Emo (an abbreviation of "emotional") is a term now broadly used to describe almost any form of guitar-driven alternative rock that expresses emotions beyond traditional rock's limited emotional palette of alienation and rage. It is also used to describe fans of this genre, most commonly teenagers. (e.g., emo kid). The actual term "emo" originated in the mid-1980s D.C. scene, with the band Rites of Spring. The term addressed both the way the band connected with its audience, as well as its tendency to deal more with topics of personal and relationship politics than with the standard themes of rock music.
The roots of the emo style can be traced to two seminal bands of the post-punk era. In 1983, Mission of Burma's album VS did much to expand rock beyond its original constraints while still retaining its raw emotional punch. There are still emo bands around today, but most of them take on a full-on screaming approach (hence the name Screamo) like Circle Takes The Square and Saetia. In 1984, Hüsker Dü's album Zen Arcade established what is widely considered to be the definitive blueprint for emo: simple, raw guitar-oriented music with intense vocals and deeply introspective songwriting.
As the style caught on, bands such as Moss Icon, Policy of Three, Navio Forge and Indian Summer evolved the form into what became known as simply "emo", a style which intensified the dramatic aspects of vocal performances in order to achieve a cathartic breakthrough with the audience. Done well, the result was powerful emotional release that often left emo bands and their audiences crying or screaming at the end of performances. While effective, such open displays of emotion made many traditional rock fans uncomfortable, and caused much friction between the two camps.
With the mass-market acceptance of alternative music in the early 1990s, a new derivative style variously called "chaotic emo", "screamo", and "Emo Violence" emerged featuring a blend of the more aggressive parts of bands like Rites of Spring, mixed chaotic rock music and with abrasive, emotional screaming vocals. The record label Gravity from San Diego, California was a major influence in releasing many defining records of the style in the early 1990s. Significant emo bands include Heroin, Angel Hair, Antioch Arrow, Swing Kids, and Mohinder. Many of these emo bands, such as Antioch Arrow, were significant to a blossoming scene on the west coast of the United States. After the decline of the significant bands in this movement, the focus on emo has shifted to the east coast instead. Focus on Screamo has shifted to Europe.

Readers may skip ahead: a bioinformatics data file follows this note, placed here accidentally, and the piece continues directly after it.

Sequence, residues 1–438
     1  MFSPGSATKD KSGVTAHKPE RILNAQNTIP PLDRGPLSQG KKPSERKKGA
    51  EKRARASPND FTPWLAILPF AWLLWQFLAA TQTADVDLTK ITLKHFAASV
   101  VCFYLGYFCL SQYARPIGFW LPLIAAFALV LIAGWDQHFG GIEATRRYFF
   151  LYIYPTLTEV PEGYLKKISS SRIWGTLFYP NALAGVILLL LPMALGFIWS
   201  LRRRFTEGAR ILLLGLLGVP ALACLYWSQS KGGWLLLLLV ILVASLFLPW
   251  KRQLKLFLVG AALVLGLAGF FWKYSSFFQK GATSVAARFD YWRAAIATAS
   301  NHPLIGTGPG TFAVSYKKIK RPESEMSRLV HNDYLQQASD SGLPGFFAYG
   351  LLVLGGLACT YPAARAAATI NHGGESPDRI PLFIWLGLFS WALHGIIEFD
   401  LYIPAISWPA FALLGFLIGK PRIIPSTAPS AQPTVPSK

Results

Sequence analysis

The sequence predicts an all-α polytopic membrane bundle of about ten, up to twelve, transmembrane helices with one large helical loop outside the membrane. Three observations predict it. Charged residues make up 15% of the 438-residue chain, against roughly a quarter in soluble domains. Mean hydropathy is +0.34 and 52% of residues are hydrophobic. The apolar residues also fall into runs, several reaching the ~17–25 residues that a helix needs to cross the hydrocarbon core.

Later in the 90s, bands such as Sunny Day Real Estate, Elliott, Christie Front Drive, Get Up Kids, Cap'n Jazz, The Promise Ring and Mineral explored a more moderately paced form of emo that mixed the early emo sound of Rites of Spring with the post-hardcore innovation of Fugazi and Quicksand. This style is sometimes referred to as "midwestern emo", due to many of the bands coming from midwestern American cities like Chicago or Kansas City.
Today, the term "emo" is increasingly ambiguous. With the success of such power pop bands as The Get Up Kids, Jimmy Eat World and The Promise Ring, the music industry has eagerly appropriated the term "emo" as a marketing tool. Consequently, the emo label is now wrongly applied to a wide assortment of many diverse guitar-pop bands, such as Thursday, Senses Fail, Hawthorne Heights, the New Amsterdams, and more recently to quieter, acoustic-driven bands such as Dashboard Confessional. Bands such as Bright Eyes are often mistaken for emo but are not.
Recently, as emo has edged its way into the public consciousness, non-fans of the genre (and even some ironic fans) have taken to using the term as a condescending insult, representing the stereotype of the angst-filled and overly-dramatic teenager. Examples include "cheer up, emo kid" or "I hate emo-fags".
"Emo fashion" seems to be directly derived from pre-existing rock fashion and retains staples from it, including the tendency for dyed, flat matte black hair and multiple piercings; in particular, labrets and ear "plugs" are prominent. Rolled-up (and often times form-fitting) jeans and t-shirts displaying sarcastic slogans or images of old-time cartoons are popular as well. Also band t-shirts, buttons for bands, and converse all-stars tend to be worn. More recently, many aspects of emo fashion have become mainstream and are regularly sold at stores like Hot Topic. Emo fashion, according to its proponents, is deeply rooted in a "being proud of who you are", anti-consumer subculture. Critics of the fashion point out that it has become so mainstream that it has become shallow and antithetical to this notion. To this extent, various websites and magazines have taken to poking fun at "emo kids" and stereotypical emo fashion, some offering guides to "making yourself emo".
emo: The Hated, Native Nod, Indian Summer, Sleepytime Trio, Evergreen, Embassy, Moss Icon
emocore: Rites of Spring, Gray Matter, early Lifetime, Samiam, Hot Water Music, Ignition, Jawbreaker, Kerosene 454
post-emo indie: Sunny Day Real Estate, Promise Ring, Mineral, Getup Kids, Jets To Brazil, Cap'n Jazz, Joan of Arc, Braid
nu-emo: The Used, Taking Back Sunday, Hawthorne Heights, My Chemical Romance, Thursday, Finch, Thrice, Senses Fail, Machbook Romance